• We are catalysts for innovation, commercialising next-generation technologies developed by

    The University of Manchester’s world-class research base

    • £360m+ invested by venture funders

    • 40+ spin-out companies created

    • 7,500+ licences and IP partnerships concluded

    • 4,000+ invention disclosures received

    • £115m+ IP and R&D revenue generated for the University

  • We are catalysts for innovation, commercialising next-generation technologies developed by The University of Manchester’s world-class research base

    • £300m+ invested by venture funders since 2004

    • 40+ spin-out companies created

    • 4,800+

      licences and IP partnerships concluded

    • 3,700+ invention disclosures received

    • 1,300+ jobs generated across various industry sectors

    • £105m+ IP and R&D revenue generated for the University

Archive for April, 2016

UMIP and MEC co-sponsors and exhibitors at Educate North Conference and Awards 2016

On 21st April, UMIP and Manchester Enterprise Centre (MEC) exhibited at the Educate North Conference and Awards as one of the key event sponsors alongside the Telegraph Group and Barclays. The event was organised by Carm Productions’ Rob McLoughlin and Prolific North’s Nick Jaspan.

Held at the Hilton Hotel, the aim of the conference was to inform attendees about the sheer scale and investment taking place at Universities and higher education across the North and the ways in which attendees might engage with said institutions in terms of commercial engagement.

We exhibited four University of Manchester innovations which included our EasyCare Cotton technology, illustrated by a pair of Levis jeans, a 3M respirator cartridge containing PIMs technology and two graphene-based technologies: a flexible, transparent, conductive screen which powered an LED and a conductive graphene ink printed onto a University of Manchester T-shirt which played sounds when motion above was detected.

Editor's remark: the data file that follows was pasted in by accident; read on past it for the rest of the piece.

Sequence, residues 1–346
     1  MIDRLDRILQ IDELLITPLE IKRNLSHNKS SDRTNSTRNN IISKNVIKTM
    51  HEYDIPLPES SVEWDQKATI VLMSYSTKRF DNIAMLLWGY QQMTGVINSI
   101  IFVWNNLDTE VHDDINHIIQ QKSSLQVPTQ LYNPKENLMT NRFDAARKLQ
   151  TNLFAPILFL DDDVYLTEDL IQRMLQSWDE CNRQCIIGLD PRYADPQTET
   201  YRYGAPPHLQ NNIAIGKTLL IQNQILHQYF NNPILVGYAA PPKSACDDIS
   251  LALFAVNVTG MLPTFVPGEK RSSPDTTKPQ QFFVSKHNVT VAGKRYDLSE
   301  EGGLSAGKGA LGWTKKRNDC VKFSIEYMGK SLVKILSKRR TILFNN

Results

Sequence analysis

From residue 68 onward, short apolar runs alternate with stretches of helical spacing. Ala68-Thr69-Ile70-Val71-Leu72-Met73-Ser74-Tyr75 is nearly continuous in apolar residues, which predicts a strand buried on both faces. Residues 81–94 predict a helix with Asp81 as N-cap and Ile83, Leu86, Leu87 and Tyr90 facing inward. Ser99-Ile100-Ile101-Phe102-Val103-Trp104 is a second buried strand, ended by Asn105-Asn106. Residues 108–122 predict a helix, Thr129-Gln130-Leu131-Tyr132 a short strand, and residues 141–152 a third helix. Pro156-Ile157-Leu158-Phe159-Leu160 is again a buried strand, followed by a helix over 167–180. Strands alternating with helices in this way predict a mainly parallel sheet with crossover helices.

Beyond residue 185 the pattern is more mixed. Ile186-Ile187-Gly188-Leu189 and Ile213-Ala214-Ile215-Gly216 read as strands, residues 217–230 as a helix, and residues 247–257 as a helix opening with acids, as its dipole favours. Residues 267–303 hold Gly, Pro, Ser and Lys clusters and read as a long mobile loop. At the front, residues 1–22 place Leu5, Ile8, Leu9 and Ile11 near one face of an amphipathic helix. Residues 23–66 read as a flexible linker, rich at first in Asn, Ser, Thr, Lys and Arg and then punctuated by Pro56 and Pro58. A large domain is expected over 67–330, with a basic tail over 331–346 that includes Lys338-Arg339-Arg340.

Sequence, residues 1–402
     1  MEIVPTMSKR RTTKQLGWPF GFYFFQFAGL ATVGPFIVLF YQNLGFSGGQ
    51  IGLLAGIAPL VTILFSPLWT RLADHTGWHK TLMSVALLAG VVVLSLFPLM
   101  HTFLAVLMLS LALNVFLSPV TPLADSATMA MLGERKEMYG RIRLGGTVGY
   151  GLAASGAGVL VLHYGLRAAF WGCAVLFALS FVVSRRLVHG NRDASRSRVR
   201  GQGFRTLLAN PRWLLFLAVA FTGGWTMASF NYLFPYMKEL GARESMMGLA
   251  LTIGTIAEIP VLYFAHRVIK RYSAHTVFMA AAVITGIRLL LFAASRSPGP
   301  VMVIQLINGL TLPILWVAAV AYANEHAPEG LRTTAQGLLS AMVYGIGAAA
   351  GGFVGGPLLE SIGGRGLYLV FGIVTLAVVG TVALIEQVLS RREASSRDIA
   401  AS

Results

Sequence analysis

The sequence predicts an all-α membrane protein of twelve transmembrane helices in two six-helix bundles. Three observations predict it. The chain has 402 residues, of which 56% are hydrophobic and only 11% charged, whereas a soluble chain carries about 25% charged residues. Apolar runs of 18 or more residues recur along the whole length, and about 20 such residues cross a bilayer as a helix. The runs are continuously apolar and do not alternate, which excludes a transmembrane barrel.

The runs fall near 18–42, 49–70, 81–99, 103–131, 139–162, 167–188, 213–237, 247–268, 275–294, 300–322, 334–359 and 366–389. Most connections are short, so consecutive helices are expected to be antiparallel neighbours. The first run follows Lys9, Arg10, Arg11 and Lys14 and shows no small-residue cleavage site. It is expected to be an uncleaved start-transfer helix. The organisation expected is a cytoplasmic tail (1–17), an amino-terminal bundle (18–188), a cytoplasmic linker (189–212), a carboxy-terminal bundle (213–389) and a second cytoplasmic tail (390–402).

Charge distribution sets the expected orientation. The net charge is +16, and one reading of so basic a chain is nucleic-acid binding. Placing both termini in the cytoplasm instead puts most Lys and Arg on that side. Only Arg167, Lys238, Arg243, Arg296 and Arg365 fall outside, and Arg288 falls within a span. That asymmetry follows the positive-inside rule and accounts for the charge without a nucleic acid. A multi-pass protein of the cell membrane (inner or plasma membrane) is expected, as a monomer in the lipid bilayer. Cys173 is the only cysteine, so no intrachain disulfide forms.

The event marked the launch of the University Entrepreneurs Challenge 2016 which saw six student companies from Northern universities or HE institutions go head to head in a special showcase which demonstrated the range, diversity and ingenuity of entrepreneurs emerging from our institutions. Four of the six finalists were University of Manchester alumni and included Amy Win – 4 Lunch,  Dr Daniel Jamieson – Biorelate, Paul Delamere – Shindigger Brewing Company and Christina Taylor -The Aim Sky High Company.

The awards were judged by a number of leading industry experts and professionals including Martin Henery from Manchester Enterprise Centre. Martin comments: “As good as our 4 finalists from The University of Manchester were, they were up against some stiff competition which made the task that much more difficult for the judges. The discussion in the judges’ chamber was an interesting and lively one but one thing we were all agreed upon was the quality of the presentations and the confidence and passion of the individuals making them. Whether their respective businesses succeed or fail, one thing is for sure, they are all individuals to watch and are certain to make their mark.”

First prize of £5,000 was secured by University of Chester start–up Heritage with 4 Lunch and The Aim Sky High Company securing 2nd and 3rd places respectively with prizes of £3,000 and £2,000.

Amy Win, founder of 4Lunch, comments: “It was great to be recognised at the event for my work with 4Lunch. The University of Manchester provided me with fantastic advice at the start of my entrepreneurial journey and continue to support my endeavours still now, three years after I graduated.”

Congratulations also go to Policy@Manchester who won the External Relations of the Year category.

Over 250 people attended the evening awards ceremony and, with 14 categories ranging from Lecturer of the Year to Research Team of the Year, it was a great celebration of the outstanding teams and people behind further and higher education institutions’ initiatives across the North.

Amy Win - 4lunch

Amy Win – 4lunch

Christina Taylor – The Aim Sky High Company









For a full list of awards, please see here

Graphene Patenting

Some have been curious why The University of Manchester didn’t patent graphene. Clive Rowland, CEO of UMI3, explains.

The University of Manchester neither discovered nor invented graphene; rather it was the place where this extraordinary material was first isolated from graphite and correctly identified as graphene late in 2003. Graphene had been known about for decades before the Manchester achievement, though many did not think it could be stable.

That initial isolation approach ( using Scotch® tape ) in late 2003 is the rudimentary basis of one way of making graphene, known as mechanical exfoliation.

Mechanical exfoliation as a ‘production’ method was not novel as a concept. Teams elsewhere had used this gradual removal technique as a way of obtaining thin films before Manchester. For example, in 1990, Heinrich Kurz ( Aachen University) reported peeling optically thin layers with transparent tape so that his group could study the dynamics of graphite material.